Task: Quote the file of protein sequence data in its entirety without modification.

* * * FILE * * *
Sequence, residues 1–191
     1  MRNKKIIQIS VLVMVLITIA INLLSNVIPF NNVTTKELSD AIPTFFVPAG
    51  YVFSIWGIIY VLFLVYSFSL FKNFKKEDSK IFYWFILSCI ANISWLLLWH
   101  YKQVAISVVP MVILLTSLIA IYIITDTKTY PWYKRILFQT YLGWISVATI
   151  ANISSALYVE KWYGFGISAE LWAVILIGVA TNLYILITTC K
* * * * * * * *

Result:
Sequence, residues 1–191
     1  MRNKKIIQIS VLVMVLITIA INLLSNVIPF NNVTTKELSD AIPTFFVPAG
    51  YVFSIWGIIY VLFLVYSFSL FKNFKKEDSK IFYWFILSCI ANISWLLLWH
   101  YKQVAISVVP MVILLTSLIA IYIITDTKTY PWYKRILFQT YLGWISVATI
   151  ANISSALYVE KWYGFGISAE LWAVILIGVA TNLYILITTC K